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Roumeli: Travels In Northern Greece (2006)

Roumeli: Travels in Northern Greece (2006)
4.17 of 5 Votes: 1
159017187X (ISBN13: 9781590171875)
nyrb classics
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Roumeli: Travels In Northern Greece (...
Roumeli: Travels In Northern Greece (2006)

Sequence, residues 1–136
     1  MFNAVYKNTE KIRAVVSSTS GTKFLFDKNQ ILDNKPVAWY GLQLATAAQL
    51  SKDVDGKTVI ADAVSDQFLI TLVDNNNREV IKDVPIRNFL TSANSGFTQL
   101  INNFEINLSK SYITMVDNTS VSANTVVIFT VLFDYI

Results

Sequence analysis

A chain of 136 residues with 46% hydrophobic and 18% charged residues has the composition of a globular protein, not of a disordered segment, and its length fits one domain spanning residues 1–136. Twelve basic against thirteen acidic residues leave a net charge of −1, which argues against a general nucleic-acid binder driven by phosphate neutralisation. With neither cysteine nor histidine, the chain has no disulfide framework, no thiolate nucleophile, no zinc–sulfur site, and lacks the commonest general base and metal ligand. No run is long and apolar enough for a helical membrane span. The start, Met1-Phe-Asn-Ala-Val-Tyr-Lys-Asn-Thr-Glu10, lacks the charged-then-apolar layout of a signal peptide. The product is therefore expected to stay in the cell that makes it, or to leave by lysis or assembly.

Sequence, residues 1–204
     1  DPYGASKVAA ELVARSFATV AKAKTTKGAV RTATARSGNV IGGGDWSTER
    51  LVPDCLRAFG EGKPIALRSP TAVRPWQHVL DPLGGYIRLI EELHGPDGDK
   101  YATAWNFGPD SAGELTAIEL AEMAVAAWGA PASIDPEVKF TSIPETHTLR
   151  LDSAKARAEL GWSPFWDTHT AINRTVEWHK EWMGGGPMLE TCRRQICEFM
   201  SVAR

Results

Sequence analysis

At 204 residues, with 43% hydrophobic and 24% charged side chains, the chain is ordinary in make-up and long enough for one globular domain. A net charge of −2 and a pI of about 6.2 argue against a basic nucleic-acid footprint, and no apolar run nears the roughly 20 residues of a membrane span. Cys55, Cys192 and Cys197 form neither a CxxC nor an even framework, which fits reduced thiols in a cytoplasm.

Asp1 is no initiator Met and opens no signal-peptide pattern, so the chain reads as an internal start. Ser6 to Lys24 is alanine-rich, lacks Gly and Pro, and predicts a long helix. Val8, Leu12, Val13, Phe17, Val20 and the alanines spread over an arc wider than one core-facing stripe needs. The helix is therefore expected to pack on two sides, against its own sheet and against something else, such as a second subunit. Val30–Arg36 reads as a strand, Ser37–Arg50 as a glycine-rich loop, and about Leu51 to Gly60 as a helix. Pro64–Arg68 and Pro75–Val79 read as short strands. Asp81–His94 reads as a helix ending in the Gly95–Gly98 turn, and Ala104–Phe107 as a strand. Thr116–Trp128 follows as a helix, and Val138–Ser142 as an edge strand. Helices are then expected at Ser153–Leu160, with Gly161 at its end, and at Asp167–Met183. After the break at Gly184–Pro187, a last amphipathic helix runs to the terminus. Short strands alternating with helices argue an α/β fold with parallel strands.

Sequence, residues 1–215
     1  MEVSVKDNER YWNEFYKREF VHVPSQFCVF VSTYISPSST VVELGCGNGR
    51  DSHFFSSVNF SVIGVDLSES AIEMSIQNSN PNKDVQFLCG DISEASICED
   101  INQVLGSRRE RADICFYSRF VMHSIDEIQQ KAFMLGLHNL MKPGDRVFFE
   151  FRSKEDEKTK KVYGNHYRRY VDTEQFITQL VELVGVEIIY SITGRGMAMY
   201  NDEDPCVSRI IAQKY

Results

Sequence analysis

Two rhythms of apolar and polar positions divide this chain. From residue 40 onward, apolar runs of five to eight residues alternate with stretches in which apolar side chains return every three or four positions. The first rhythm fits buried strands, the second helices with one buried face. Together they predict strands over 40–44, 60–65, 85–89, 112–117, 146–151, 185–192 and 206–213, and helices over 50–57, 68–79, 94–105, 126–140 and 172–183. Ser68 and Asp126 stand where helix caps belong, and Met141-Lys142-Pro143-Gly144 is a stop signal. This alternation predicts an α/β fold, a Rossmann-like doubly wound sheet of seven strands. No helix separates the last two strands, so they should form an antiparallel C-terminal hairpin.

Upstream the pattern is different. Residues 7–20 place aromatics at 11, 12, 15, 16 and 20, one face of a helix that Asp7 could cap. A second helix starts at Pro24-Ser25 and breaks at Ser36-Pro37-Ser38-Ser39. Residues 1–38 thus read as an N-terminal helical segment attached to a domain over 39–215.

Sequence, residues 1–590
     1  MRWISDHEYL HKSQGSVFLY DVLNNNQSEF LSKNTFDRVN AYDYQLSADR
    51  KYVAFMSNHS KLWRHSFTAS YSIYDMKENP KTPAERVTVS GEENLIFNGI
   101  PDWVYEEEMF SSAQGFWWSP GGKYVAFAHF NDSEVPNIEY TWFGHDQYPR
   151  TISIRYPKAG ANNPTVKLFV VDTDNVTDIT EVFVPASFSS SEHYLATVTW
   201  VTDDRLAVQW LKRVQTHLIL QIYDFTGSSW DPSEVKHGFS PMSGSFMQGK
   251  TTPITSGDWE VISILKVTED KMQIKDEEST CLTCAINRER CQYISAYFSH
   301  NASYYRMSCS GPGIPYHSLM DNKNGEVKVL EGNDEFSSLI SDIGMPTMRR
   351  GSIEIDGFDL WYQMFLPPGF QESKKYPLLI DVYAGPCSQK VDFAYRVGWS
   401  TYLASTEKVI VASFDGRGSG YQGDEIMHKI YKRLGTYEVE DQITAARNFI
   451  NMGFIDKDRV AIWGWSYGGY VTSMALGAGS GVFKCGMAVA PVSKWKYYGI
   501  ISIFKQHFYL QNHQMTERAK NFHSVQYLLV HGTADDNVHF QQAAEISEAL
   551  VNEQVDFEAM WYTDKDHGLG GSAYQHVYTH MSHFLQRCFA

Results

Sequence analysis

About book: This is book is filled with 5 star writing, and yet I can't shake the sense that the parts are greater than the whole. But perhaps that's the case with travel writing in general. I'm not all that widely read in the genre, and whenever I do read an acclaimed author and book, I tend to get frustrated. I suppose I like my foreign adventures (and descriptions) wrapped in a story -- or a history. So in other words, I suppose the fault lies with me. This particular book by Fermor is one of his Greek travel books, with a focus (broadly) on the northern part of the country (there's a lengthy (and beautifully poetic) wartime interlude in Crete -- which is way south). The early part of the book has Fermor attending a traditional wedding, with wonderful descriptions of food, drink, and apparel (especially the bride)-- all of which are probably now long gone (the book was written in 1966). What next follows is some monastery crawling -- most of which are located on steep mountains. (How did they build them?) The descriptions are, again, beautiful, but oddly lacking in any descriptions of the art. (In contrast, see Rebecca West's descriptions in Black Lamb and Grey Falcon.) Fermor does mention, at least once, that the paintings are "darkened." In other words, maybe he's seen better, and didn't bother.Throughout the book, there are several meditations on the Greek personality, which I found circular and boring. I'm sure there are many that find them nuanced and poetic. One particularly wonderful episode, which is actually two, involves a search for a pair Lord Byron's shoes. Fermor clearly loves Byron, and he expends a number of pages on this search. The first part has Fermor and a friend visiting an eccentric 80 year old descendant of Byron's. They are pulling together what information they can for the search, which was prompted by a letter from Greece to the ancestor. The visit ends with a game of pool during a rainstorm. This could of easily been a wonderful short story. The second part has Fermor in Missolonghi (the eventual site of Byron's death) seeking out the holder of the shoes. For me this is the heart of the book, and made the reading trip all worthwhile. Things sort of tailed off for after that. Fermor continues to ramble about, but throughout all of this, there is a tinge of lament. Fermor sees the Greece that he loves dying in a wave of what we now call Globalism. That which is unique is being diluted, dumbed down or done away with. One poignant episode, late in the book, really made an impression on me. In it, Fermor, traveling on a bus, encounters a young Greek woman traveling with her child. I believe it captures the experience of the book (the best part anyway) in a nutshell:We had passed a couple of meagre hamlets and the bus had emptied of all but Andreas and me and, in the seat behind us, a pretty mountain girl whose face was alight with candour and happiness. A voluminous black kerchief swathed her head, thick chestnut plaits fell down her back, and she was encased in one of those coats of homespun goats' hair, flaring from the waist and gallooned round the hem and along the perpendicular pockets with a dark red braid, that the call a "segouni." Round silver plaques as big as saucers fastened her woven belt. A swaddled baby in a hewn cradle like a little trough rested across her lap; it had been slung across her back like a papoose when she got in. She looked about fifteen. As she listened to Andreas her eyes grew wider still and laughter covered her face with the spread fingers of one brown hand. (pg. 192).I doubt you would encounter that woman, in that attire, these days. Anyway, as you can see, Fermor doesn't write -- he paints with words. And that's a rare gift.